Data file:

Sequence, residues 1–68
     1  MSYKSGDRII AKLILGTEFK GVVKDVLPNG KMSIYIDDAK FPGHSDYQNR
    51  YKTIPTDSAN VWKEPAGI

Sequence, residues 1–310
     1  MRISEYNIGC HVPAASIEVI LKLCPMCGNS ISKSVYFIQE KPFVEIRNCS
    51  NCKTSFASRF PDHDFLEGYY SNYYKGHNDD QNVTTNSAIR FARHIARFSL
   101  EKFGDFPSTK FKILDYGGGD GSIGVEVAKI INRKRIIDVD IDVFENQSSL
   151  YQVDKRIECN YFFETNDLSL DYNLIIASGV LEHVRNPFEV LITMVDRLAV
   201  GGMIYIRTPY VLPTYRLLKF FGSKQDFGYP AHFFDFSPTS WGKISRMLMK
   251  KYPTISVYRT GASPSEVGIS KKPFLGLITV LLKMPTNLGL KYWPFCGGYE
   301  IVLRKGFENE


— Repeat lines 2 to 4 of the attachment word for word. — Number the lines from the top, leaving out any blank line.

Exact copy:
     1  MSYKSGDRII AKLILGTEFK GVVKDVLPNG KMSIYIDDAK FPGHSDYQNR
    51  YKTIPTDSAN VWKEPAGI

Sequence, residues 1–310